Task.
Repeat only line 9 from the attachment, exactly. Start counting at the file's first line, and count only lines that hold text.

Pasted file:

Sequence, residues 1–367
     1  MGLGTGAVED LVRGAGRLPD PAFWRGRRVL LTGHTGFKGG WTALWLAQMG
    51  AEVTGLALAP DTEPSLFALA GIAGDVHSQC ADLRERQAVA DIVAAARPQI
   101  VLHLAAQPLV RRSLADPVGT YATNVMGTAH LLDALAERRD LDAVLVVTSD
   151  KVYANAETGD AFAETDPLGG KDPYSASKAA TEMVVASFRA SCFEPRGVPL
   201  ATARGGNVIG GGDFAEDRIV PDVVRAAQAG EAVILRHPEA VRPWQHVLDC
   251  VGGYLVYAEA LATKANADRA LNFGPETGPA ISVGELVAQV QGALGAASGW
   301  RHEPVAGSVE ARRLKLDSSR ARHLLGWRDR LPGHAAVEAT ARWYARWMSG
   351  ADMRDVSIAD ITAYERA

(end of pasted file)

   351  ADMRDVSIAD ITAYERA